Marxist and feminist critical lens

The theory and method of study developed by Marxtermed historical materialismrecognizes the ways in which economic systems structure society as a whole and influence everyday life and experience. The base structure prescribes a range of systems and institutions aimed to advance the interests of those in power, often facilitated through the exploitation of the working class. Marx argues that these systems are set by the ruling class in accordance with their need to maintain or increase class conflict in order to remain in power.

Marxist and feminist critical lens

For example, when the play begins Nora is just returning home from a shopping trip. Previously, she made the Marxist and feminist critical lens by hand, spending an entire day on the project.

Now that Nora belongs to a higher social class she practically throws money away. She tells the tree delivery boy to keep the change from the crown she gave him, paying him twice what he asks. Now that they belong to a higher social class, her responsibility has flown out the door and she cares only for her own interests.

By the end of the play, however, she realizes that even if she is able to be free of her debts, she is still financially enslaved to her husband, because as a woman she is completely dependant on him.

Torvald is much more careful with money, but he too bases his outlook on life and relationships solely on money and the status it earns him.

Torvald, too, equates money with freedom, and refuses to give up that freedom by borrowing money. Torvald cares not only about money, but about his social status as well. Nora is only an afterthought when it comes to his reputation. Their relationship is ruined because he continues to believe in money and social status as the source of happiness, while Nora comes to realize that money is not that important.

The Marxist theme can be seen in both Kristine and Krogstad as well. This is a Marxist attitude because her entire life and mind-set are a result of her economic situation at the time of her decisions. She had to leave her home and her child in order to get by. She had to give up a relationship with someone she loved, just as Kristine had to give up her love for Krogstad.

So all she can expect is to be poor her entire life, and for her financial conditions to remain stagnant. The problems that Nora, Anna-Marie and Kristine face are compounded by their gender. She was an object, his property, to whom he designed to give life; but only for his own pleasure.

When he finally addresses her by name, in Act Three, her behavior is entirely different—she becomes serious, determined, and willful. All of it is a role that Nora has been taught to play by society, the behavior expected of all women of the time. Ibsen was even forced to change this ending in order for it to be performed.

Obedience was the main trait that defined women; it was what separated them from men. So in leaving, she was in a sense denying the purpose of her existence. Women had no other role or function in society.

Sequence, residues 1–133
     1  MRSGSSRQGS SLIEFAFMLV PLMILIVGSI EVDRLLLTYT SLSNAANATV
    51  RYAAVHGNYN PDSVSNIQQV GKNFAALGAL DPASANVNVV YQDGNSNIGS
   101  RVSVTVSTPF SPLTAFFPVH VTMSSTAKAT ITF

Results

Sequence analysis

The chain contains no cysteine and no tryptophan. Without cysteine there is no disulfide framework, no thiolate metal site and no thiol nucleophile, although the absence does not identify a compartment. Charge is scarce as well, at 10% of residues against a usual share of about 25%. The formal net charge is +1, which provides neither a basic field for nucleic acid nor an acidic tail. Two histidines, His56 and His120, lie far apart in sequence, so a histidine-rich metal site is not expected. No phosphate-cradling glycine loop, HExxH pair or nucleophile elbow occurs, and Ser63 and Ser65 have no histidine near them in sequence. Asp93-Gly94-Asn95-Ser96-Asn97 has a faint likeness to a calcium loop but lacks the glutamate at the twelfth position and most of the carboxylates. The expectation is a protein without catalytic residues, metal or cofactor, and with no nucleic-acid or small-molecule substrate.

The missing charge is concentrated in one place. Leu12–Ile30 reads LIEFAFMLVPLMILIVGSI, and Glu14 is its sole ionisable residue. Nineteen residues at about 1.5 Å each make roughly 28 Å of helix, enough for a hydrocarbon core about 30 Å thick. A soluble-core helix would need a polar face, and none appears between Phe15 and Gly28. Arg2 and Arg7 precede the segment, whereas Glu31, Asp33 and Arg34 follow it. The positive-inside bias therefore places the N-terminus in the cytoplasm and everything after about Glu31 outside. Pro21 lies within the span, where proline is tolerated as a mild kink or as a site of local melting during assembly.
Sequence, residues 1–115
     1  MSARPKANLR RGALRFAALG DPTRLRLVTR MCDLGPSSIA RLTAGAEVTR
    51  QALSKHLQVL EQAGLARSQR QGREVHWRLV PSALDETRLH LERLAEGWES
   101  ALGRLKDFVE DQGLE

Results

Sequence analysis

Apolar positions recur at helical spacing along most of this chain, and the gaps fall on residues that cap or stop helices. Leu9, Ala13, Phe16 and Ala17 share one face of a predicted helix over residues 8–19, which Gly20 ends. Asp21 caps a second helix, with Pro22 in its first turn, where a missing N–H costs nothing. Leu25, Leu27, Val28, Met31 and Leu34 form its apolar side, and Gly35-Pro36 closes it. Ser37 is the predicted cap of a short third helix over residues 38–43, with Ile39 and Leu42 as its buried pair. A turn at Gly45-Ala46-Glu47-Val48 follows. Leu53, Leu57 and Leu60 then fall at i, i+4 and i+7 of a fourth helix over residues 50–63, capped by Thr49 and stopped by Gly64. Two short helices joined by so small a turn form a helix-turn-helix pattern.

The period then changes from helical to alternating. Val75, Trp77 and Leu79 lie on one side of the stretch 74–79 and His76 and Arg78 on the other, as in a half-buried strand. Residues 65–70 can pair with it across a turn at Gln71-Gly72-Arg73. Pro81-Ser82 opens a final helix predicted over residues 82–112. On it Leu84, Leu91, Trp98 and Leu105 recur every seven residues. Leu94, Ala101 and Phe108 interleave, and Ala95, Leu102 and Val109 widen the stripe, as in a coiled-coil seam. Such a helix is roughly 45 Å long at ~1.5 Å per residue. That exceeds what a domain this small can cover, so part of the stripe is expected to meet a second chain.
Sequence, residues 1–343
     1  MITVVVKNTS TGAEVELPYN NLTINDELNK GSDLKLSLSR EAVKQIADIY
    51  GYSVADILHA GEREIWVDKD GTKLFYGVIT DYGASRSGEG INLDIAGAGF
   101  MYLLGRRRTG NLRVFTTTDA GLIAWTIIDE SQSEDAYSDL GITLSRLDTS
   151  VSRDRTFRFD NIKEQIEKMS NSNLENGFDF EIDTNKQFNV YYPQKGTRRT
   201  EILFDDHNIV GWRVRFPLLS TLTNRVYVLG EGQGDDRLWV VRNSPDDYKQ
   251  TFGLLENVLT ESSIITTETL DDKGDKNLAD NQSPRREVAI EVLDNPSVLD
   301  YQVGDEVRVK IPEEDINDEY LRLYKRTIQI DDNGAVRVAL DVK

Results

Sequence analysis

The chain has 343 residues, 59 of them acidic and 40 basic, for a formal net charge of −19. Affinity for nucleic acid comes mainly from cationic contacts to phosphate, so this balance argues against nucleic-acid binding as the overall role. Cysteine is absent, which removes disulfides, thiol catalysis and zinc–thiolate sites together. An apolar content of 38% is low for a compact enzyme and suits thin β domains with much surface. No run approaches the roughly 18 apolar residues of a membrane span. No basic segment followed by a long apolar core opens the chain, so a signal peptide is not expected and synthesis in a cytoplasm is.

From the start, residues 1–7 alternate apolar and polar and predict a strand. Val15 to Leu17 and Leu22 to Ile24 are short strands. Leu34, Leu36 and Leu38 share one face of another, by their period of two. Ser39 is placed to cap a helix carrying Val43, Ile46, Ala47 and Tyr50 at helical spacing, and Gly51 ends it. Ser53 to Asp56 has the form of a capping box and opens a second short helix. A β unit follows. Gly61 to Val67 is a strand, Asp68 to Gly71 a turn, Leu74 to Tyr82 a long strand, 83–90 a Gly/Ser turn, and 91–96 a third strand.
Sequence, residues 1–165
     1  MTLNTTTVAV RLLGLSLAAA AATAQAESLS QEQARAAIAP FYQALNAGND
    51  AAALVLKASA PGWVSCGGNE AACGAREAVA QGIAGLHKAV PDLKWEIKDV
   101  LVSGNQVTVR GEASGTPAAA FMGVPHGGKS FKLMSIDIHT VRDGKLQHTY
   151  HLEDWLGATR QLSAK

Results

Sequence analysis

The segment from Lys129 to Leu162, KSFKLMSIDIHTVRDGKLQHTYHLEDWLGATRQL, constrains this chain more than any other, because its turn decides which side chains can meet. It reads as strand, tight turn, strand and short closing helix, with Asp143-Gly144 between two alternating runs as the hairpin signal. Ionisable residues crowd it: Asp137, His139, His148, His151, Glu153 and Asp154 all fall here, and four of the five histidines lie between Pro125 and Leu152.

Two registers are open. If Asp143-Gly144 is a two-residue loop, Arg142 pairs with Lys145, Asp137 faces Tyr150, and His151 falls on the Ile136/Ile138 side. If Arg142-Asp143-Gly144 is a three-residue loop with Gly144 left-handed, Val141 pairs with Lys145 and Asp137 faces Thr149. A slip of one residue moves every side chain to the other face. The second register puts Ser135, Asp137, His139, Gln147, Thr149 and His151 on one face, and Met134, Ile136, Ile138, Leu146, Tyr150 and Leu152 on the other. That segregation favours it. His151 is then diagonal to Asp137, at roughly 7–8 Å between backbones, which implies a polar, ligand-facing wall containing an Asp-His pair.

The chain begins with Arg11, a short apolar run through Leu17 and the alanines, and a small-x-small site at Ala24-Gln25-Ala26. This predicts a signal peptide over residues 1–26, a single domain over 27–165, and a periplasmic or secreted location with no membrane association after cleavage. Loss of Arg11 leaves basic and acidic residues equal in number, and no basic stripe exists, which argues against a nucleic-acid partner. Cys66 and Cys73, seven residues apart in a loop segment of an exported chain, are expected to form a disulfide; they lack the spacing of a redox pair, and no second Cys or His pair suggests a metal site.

Marxist feminism - Wikipedia

Kristine broke free from this traditional role by chance, because her husband died. Had he lived, she would have been stuck in the same situation as Nora for the rest of her life.

Even so, she is still dependant on men in order to live. Her entire life up until that point revolved around men; the purpose of her existence was to please her husband and take care of her brothers.

When that was no longer necessary, her life lost its meaning. She came to Nora because she was looking for work, and that could only be obtained through Torvald. When he gives her a job, he feels in control of her even outside the office. She was a woman seeking independence from the strictures of society and the rule of men which was placed upon her because of gender.

She was the representation of Everyman, illustrating the need of everyone, no matter their background, for freedom. And she was the representation of the unnoticed, underappreciated workers of the world overthrowing the capitalists who took them for granted.

Works Cited Ibsen, Henrick.Marxist And Feminist Critical Lens  Feminist Lens vs Marxist Lens When reading a book, or any piece of literature of that matter, the readers background is important It is apart of how the reader perceives the piece.

Two different readers with different viewpoints and backgrounds are naturally going to have different opinions and will analyze the same piece of writing very differently.

Transcript of Feminist Critical Lens. Examines attitudes towards women and the image of women instead of economic and social injustices like Marxist does. Now, to test your knowledge regarding the Feminist lens, we will split you into two groups to do an activity.

Essays - largest database of quality sample essays and research papers on Marxist And Feminist Critical Lens. Marxist literary criticism is a loose term describing literary criticism based on socialist and dialectic theories. Marxist criticism views literary works as reflections of . Three of the most useful and relevant frameworks are Marxist literary criticism, Feminist literary criticism, and Freudian literary criticism.

These lenses add insights into our lives and into the literature, film, art, drama, music, or anything else you are experiencing. SpringBoard Criticisms. Unit 2: Pygmalion Final Exam Criticisms patterns, motifs) in the literature of diverse cultures around the world. Marxist Criticism.

Marxist and feminist critical lens

Economic inequalities is a power structure that drives history, religion, race, ethnicity, and gender. Feminist Criticism.

A theory that focuses on relationships between the genders.

Feminist Critical Lens by Rachel Tomlinson on Prezi